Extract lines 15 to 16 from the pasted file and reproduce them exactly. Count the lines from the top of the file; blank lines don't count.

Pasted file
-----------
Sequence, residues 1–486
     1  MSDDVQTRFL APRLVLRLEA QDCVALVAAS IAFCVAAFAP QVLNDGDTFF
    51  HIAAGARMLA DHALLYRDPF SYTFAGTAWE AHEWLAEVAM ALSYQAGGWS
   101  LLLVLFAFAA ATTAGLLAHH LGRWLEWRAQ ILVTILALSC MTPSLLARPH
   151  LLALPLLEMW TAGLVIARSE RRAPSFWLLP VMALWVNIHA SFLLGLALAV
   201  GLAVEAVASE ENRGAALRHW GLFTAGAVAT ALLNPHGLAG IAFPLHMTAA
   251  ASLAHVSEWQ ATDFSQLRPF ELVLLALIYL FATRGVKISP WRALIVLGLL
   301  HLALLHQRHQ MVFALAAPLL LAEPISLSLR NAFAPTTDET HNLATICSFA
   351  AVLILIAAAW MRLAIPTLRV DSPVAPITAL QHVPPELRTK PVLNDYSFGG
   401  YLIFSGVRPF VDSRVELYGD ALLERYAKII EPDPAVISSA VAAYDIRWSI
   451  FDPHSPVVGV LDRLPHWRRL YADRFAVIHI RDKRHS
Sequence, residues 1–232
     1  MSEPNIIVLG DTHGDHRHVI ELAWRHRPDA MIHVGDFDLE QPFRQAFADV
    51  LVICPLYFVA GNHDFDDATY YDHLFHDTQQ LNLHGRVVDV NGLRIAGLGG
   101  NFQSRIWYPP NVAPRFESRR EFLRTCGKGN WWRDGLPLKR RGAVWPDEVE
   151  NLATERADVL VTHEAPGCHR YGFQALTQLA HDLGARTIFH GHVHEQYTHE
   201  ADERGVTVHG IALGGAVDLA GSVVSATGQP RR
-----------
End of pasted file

   101  NFQSRIWYPP NVAPRFESRR EFLRTCGKGN WWRDGLPLKR RGAVWPDEVE
   151  NLATERADVL VTHEAPGCHR YGFQALTQLA HDLGARTIFH GHVHEQYTHE